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Kids Are Starting to Sell Face Masks in the Streets Because Their Parents Got Laid Off

[dropcap size=big]W[/dropcap]hile most students in the Los Angeles Unified School District are sheltering at home trying to figure out how to log into their online classrooms, some kids whose parents have lost their jobs due to the coronavirus are taking matters into their own hands.

It’s the late afternoon in Lennox, where a large percentage of working-class “essential” employees are getting home from work. The streets begin to be filed with gardeners, plumbers, and construction trucks from workers who start their shift at 5 AM every day. They are all returning home from Brentwood and Beverly Hills. 

But on the corner of Inglewood Avenue and 104th street, a mini-van with cleaning supplies visible through the window pulls up to a local check-cashing shop and two ladies wearing yellow dishwashing gloves exit the van. They approach two young boys selling masks under a beach umbrella, but they are nowhere near an ocean. They are on the concrete streets of South L.A. on the first hot day of spring. 

“Our parents lost their jobs due to the Corona and we out here trying to help out. My dad worked at a restaurant and my mom worked for a couple of different people.”  

“A cuanto las máscaras, joven?” How much for the masks? One of them asks. “ A cinco cada una!” ($5 each) one of them replied enthusiastically. The lady takes one, looks at it, and as soon as her face begins to show disinterest, the other boy quickly interjects in Spanish, “They have three layers for better protection against coronavirus, and they’re washable. You can reuse these and be protected all day while at work.” The ladies look at each other, shrug, and agree to buy a couple of masks. The taller, older-looking one of them reaches down to the shoe box and pulls out another packaged mask. They just made $10.

Next, a gardener pulls up to the parking lot in his rusty brown Datsun with hoses hanging from the sides of his makeshift lumber rack and a lawnmower sticking out over the tailgate. The kids wave the masks at him, but he ignores them and walks into the shop with a check in hand. Other folks walking down the sidewalk walk past the boys just the same.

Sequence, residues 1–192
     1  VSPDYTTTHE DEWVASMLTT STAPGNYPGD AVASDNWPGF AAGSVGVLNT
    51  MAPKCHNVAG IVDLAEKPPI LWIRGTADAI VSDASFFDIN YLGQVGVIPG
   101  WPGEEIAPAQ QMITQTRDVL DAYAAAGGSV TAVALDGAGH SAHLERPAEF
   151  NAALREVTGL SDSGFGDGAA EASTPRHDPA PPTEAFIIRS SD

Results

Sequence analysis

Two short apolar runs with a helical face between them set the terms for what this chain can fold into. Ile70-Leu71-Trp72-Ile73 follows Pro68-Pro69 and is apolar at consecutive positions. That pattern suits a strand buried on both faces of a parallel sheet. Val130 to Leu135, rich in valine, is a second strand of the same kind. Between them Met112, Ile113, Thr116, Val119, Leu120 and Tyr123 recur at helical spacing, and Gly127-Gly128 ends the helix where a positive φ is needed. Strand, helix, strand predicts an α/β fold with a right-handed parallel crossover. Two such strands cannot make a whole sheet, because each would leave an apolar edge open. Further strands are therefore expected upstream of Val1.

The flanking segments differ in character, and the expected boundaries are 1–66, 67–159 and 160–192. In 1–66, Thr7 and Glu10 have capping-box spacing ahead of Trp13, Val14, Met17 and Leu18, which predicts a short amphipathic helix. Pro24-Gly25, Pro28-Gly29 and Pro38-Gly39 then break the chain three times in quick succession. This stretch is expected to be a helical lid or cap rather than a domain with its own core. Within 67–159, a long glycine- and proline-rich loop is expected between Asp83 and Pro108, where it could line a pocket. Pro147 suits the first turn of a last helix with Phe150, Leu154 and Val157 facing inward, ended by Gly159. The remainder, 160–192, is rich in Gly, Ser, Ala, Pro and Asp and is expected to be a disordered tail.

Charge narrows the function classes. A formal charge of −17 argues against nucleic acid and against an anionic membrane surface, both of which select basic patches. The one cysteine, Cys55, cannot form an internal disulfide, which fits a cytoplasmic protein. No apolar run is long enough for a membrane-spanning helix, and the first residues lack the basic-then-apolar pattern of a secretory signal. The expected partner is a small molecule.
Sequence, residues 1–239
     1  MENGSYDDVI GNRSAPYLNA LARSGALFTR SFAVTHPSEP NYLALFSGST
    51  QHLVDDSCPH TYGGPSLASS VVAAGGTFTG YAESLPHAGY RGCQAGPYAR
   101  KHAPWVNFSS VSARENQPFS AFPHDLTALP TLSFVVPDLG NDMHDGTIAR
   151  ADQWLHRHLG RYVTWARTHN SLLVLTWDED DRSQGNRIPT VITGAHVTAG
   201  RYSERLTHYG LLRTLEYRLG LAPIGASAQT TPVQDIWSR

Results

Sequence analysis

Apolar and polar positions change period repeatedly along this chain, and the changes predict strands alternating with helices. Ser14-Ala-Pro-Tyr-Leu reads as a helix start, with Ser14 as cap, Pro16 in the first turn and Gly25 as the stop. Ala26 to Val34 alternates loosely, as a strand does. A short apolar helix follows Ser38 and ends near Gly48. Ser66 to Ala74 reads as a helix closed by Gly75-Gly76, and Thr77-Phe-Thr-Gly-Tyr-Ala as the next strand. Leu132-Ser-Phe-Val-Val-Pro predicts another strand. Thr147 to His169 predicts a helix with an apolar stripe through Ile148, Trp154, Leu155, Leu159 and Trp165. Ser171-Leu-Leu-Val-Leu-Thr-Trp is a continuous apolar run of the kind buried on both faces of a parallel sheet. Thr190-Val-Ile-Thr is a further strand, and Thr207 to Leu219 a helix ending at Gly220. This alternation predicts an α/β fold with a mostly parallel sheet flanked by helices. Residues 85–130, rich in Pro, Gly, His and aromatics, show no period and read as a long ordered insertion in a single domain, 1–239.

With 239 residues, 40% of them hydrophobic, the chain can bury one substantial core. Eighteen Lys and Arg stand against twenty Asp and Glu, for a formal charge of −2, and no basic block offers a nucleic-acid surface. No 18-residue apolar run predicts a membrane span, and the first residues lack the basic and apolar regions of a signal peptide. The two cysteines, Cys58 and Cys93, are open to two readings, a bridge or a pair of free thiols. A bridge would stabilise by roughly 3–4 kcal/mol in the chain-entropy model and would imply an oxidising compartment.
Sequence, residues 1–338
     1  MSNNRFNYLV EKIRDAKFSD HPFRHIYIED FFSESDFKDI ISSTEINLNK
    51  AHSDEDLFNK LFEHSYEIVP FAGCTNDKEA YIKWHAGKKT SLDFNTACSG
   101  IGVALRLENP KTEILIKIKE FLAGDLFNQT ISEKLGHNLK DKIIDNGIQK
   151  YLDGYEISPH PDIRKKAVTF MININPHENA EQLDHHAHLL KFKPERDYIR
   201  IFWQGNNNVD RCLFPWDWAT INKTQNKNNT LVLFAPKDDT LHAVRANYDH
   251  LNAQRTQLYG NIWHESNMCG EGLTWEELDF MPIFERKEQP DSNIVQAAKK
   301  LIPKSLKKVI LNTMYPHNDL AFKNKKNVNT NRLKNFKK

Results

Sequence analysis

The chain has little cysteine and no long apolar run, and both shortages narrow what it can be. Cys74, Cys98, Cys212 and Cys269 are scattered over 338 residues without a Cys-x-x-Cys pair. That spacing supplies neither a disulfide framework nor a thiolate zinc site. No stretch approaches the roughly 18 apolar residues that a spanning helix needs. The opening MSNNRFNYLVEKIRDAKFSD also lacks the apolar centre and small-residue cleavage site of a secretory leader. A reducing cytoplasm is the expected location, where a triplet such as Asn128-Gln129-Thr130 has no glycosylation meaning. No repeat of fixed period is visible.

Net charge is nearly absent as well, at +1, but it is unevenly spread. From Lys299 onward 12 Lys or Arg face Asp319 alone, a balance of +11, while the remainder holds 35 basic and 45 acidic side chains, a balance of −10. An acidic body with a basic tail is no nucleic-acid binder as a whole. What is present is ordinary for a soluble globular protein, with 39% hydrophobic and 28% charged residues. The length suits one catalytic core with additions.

About five people showed up today to buy masks in an hour. They share with L.A. Taco that the little money they made they’ll take back home to their family along with the masks they couldn’t sell. 

A $1,200 government-issued stimulus check does not go a long way in Los Angeles. Not when the average rent here is much more than that and other bills still need to be paid. Even if it is just a $100 a day, still, every dollar counts right now more than ever. If not masks, then these boys along with the thousands of other street vendors around will simply find something else to hustle and make a quick buck out of to survive. Laws or pandemics against them or not. They are surviving, after all. This is the reality for many living in Los Angeles. 

We approached the two boys who hesitated to speak with L.A. Taco but asked to remain anonymous.

L.A. Taco: Why are you out here selling masks?  

Anonymous boys: Our parents lost their jobs due to the Corona and we out here trying to help out. My dad worked at a restaurant and my mom worked for a couple of different people.  

Are you guys worried about getting the virus? 

No, not really. I mean we’re just here. We’re gonna leave in a bit. We’ve been here for two hours.

You seem young like you should be in high school. Are you concerned about school at all? 

No. My family needs money, so you know, we’re trying to help them.

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